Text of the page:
How to Lie with Statistics is a book written by Darrell Huff in 1954 presenting an introduction to statistics for the general reader. Not a statistician, Huff was a journalist who wrote many "how to" articles as a freelancer.
The book is a brief, breezy illustrated volume outlining errors when it comes to the interpretation of statistics, and how these errors may create incorrect conclusions.
In the 1960s and 1970s, it became a standard textbook introduction to the subject of statistics for many college students. It has become one of the best-selling statistics books in history, with over one and a half million copies sold in the English-language edition. It has also been widely translated.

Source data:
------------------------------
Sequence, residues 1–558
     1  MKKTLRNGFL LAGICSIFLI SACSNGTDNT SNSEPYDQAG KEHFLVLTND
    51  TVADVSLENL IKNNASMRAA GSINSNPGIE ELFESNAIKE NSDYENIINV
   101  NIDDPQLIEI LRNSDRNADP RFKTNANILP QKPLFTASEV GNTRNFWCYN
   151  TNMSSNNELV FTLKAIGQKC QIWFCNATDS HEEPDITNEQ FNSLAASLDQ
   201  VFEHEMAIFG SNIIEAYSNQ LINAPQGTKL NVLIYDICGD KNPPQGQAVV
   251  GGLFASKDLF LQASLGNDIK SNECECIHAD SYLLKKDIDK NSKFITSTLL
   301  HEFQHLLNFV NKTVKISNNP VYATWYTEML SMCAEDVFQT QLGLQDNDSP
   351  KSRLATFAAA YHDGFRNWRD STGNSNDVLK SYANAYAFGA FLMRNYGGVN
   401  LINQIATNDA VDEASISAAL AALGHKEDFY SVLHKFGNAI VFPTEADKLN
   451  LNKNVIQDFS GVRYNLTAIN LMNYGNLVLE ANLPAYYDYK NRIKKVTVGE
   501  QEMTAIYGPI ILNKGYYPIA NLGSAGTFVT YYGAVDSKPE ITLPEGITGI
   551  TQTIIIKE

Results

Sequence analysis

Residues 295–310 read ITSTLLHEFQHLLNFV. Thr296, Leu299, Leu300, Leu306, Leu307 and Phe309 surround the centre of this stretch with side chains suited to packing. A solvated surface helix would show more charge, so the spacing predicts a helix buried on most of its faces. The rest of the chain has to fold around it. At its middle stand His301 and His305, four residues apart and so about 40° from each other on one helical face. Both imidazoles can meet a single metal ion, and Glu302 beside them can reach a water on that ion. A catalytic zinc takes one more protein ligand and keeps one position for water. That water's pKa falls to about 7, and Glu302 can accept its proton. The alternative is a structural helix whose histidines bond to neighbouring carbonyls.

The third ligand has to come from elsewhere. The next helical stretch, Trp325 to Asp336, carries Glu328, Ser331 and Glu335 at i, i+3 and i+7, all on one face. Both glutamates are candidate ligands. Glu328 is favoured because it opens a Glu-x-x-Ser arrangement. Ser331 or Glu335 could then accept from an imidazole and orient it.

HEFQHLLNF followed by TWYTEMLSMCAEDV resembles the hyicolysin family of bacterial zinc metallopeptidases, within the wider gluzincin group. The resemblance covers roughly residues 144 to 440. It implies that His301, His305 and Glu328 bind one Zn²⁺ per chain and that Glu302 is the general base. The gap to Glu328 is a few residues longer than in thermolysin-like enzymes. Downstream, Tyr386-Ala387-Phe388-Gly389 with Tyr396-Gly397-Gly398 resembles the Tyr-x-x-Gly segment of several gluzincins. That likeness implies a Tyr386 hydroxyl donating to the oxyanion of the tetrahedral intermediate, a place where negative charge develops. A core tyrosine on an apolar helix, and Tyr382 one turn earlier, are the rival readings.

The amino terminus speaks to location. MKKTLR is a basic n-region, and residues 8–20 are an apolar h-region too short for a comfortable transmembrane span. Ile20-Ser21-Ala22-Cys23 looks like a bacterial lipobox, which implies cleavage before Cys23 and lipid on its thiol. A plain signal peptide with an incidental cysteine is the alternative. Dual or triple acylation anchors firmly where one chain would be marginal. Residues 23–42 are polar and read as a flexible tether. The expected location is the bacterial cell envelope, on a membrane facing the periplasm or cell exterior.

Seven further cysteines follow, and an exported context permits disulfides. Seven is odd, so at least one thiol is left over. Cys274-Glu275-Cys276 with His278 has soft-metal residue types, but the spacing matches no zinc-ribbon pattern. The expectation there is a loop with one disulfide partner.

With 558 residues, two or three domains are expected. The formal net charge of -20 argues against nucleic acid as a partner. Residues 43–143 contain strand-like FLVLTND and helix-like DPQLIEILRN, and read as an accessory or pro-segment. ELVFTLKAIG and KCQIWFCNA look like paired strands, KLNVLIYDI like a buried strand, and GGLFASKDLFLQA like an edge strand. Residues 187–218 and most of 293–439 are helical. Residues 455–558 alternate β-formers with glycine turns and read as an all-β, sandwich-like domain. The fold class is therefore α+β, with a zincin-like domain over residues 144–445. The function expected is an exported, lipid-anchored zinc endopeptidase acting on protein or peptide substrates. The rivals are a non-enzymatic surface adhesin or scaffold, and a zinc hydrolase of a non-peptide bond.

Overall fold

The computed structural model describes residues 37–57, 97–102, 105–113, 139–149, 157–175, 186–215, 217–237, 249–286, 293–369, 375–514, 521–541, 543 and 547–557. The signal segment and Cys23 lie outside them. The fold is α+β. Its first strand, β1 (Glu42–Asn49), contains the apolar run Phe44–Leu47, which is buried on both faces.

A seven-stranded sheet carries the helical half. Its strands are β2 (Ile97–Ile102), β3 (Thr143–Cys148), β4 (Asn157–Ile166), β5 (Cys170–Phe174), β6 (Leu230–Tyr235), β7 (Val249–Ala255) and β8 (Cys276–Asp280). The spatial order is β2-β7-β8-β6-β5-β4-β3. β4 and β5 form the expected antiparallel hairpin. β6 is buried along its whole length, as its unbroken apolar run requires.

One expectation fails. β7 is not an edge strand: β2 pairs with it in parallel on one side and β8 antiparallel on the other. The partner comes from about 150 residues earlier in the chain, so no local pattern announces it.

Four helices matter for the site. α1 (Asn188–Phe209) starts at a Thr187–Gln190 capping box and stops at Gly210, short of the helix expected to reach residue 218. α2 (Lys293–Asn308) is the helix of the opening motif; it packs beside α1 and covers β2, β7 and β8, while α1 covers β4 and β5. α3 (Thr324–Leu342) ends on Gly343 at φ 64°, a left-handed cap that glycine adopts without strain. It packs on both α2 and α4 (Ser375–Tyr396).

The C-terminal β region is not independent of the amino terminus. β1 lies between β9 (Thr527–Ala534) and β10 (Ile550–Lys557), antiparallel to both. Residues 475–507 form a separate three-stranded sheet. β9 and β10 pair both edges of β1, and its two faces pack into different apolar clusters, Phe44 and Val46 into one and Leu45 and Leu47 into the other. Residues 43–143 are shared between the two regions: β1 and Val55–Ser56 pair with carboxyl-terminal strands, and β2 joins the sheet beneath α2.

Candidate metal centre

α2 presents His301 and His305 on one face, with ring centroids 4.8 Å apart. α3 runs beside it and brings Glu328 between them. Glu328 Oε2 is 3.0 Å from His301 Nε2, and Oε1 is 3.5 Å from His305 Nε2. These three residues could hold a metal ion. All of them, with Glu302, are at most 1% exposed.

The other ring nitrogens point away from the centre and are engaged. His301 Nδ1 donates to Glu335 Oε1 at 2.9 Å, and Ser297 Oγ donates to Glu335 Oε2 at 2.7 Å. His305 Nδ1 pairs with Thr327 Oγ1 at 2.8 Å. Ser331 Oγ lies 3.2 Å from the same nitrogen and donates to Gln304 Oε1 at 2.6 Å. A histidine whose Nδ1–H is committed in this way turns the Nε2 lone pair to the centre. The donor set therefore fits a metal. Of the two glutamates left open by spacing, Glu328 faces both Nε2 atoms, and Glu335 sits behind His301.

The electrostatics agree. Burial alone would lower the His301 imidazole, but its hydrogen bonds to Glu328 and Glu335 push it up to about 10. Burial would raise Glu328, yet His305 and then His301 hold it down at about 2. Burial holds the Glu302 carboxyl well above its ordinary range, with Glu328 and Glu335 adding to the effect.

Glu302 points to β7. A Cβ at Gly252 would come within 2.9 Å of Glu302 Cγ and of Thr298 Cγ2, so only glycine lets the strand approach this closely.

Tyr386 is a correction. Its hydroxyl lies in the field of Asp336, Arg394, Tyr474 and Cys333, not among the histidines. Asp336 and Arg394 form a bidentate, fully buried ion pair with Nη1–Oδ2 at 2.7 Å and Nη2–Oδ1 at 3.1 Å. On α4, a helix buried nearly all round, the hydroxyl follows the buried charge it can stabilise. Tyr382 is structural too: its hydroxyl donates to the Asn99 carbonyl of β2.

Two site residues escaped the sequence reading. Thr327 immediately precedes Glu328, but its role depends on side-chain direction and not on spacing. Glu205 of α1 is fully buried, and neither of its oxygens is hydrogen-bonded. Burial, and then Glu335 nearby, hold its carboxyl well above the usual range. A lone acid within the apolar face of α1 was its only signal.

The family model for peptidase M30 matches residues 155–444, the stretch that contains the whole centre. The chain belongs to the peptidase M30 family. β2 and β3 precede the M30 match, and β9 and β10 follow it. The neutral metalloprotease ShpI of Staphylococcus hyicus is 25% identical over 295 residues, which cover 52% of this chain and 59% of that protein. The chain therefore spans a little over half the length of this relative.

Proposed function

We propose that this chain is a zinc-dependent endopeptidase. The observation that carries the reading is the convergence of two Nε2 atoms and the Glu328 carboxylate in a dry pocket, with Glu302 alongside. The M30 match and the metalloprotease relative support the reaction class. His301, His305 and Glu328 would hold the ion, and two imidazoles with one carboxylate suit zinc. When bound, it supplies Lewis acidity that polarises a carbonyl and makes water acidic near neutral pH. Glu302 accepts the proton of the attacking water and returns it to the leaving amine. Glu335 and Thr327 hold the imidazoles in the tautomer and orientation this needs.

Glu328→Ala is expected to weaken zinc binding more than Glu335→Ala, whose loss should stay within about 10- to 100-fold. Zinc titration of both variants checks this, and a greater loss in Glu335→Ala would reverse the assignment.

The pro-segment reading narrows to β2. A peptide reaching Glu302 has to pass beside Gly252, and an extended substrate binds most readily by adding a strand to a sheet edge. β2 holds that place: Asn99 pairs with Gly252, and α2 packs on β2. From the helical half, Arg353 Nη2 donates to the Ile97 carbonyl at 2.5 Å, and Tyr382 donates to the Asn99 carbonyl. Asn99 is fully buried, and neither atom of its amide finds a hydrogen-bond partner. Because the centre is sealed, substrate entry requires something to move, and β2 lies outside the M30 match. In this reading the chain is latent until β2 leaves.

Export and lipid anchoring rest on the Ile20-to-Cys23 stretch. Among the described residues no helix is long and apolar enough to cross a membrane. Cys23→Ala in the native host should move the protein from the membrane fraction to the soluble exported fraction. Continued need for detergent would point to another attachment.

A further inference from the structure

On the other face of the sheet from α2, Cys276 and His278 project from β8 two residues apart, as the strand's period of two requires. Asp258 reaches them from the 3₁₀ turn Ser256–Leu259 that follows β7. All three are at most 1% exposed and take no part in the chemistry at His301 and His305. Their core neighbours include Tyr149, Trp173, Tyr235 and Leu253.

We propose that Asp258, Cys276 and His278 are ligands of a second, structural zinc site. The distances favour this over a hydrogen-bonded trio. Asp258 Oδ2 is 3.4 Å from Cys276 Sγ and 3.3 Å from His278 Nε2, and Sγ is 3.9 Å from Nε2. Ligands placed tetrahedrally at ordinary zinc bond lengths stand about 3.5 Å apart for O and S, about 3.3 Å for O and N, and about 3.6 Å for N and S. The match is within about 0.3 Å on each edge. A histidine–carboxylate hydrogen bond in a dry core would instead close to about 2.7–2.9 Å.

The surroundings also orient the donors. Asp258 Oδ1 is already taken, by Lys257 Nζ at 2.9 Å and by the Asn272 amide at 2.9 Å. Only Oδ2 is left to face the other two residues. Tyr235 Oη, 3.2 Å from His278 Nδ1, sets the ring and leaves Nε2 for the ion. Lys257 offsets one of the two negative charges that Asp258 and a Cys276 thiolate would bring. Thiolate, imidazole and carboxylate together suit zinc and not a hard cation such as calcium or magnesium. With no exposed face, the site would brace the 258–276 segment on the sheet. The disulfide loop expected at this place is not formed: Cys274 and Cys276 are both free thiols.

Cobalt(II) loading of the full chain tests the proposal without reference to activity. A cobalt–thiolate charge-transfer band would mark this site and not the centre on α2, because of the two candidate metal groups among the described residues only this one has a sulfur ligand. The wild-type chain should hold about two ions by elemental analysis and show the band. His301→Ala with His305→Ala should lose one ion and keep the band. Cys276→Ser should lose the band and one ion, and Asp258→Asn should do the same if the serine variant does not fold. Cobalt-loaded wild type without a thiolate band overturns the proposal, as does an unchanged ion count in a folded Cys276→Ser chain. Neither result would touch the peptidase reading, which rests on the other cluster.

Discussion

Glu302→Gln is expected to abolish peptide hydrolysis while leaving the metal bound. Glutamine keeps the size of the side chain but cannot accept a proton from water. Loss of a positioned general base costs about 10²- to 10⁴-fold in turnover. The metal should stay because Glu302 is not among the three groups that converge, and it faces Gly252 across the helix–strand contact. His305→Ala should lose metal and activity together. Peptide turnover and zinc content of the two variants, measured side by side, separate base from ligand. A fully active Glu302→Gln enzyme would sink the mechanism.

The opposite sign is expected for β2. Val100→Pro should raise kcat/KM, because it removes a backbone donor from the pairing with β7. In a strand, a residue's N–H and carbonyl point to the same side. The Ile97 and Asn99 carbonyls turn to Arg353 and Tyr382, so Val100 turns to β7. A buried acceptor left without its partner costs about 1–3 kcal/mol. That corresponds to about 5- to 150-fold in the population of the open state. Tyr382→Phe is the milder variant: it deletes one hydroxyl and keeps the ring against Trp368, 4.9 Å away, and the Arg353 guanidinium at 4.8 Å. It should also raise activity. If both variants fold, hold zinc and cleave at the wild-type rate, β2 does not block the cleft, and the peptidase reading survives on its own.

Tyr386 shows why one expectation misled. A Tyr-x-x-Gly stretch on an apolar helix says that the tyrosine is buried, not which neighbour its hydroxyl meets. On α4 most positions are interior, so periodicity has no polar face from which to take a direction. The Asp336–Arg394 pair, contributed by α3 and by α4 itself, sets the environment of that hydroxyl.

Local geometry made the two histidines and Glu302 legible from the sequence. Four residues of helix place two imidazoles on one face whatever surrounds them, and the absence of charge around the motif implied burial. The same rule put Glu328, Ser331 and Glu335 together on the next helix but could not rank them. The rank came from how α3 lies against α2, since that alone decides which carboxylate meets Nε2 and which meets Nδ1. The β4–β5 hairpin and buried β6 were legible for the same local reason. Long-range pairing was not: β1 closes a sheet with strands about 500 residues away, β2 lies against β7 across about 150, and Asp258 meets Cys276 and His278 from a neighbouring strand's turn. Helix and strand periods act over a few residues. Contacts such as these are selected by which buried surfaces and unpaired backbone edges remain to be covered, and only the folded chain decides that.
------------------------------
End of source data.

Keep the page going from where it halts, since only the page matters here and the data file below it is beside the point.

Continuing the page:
Themes of the book include "Correlation does not imply causation" and "Using random sampling". It also shows how statistical graphs can be used to distort reality, for example by truncating the bottom of a line or bar chart, so that differences seem larger than they are, or by representing one-dimensional quantities on a pictogram by two- or three-dimensional objects to compare their sizes, so that the reader forgets that the images do not scale the same way the quantities do.
The original edition contained illustrations by artist Irving Geis. In a UK edition, these were replaced with cartoons by Mel Calman.